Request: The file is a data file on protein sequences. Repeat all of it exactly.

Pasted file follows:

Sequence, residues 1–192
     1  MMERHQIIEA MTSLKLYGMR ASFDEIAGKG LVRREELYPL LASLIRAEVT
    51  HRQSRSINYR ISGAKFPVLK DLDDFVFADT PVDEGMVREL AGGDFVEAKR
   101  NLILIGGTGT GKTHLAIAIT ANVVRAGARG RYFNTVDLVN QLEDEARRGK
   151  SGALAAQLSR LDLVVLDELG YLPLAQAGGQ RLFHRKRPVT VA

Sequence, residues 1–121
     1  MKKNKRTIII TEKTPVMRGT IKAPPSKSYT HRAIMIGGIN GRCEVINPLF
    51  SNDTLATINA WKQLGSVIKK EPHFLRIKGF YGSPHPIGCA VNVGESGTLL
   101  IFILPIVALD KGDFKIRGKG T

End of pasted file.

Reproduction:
Sequence, residues 1–192
     1  MMERHQIIEA MTSLKLYGMR ASFDEIAGKG LVRREELYPL LASLIRAEVT
    51  HRQSRSINYR ISGAKFPVLK DLDDFVFADT PVDEGMVREL AGGDFVEAKR
   101  NLILIGGTGT GKTHLAIAIT ANVVRAGARG RYFNTVDLVN QLEDEARRGK
   151  SGALAAQLSR LDLVVLDELG YLPLAQAGGQ RLFHRKRPVT VA

Sequence, residues 1–121
     1  MKKNKRTIII TEKTPVMRGT IKAPPSKSYT HRAIMIGGIN GRCEVINPLF
    51  SNDTLATINA WKQLGSVIKK EPHFLRIKGF YGSPHPIGCA VNVGESGTLL
   101  IFILPIVALD KGDFKIRGKG T